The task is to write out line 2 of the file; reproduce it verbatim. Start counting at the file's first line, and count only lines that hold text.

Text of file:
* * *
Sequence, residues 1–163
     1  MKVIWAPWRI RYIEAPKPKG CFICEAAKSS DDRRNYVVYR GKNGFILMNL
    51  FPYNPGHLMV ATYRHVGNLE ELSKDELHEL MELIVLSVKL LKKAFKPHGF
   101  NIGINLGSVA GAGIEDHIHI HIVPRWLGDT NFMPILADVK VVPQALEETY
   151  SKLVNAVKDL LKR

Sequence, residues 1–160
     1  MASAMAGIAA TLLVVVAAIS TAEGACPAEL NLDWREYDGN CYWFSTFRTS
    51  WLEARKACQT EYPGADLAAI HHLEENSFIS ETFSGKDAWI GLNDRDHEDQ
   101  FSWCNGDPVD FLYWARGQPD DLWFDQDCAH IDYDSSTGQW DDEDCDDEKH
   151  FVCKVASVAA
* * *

     1  MKVIWAPWRI RYIEAPKPKG CFICEAAKSS DDRRNYVVYR GKNGFILMNL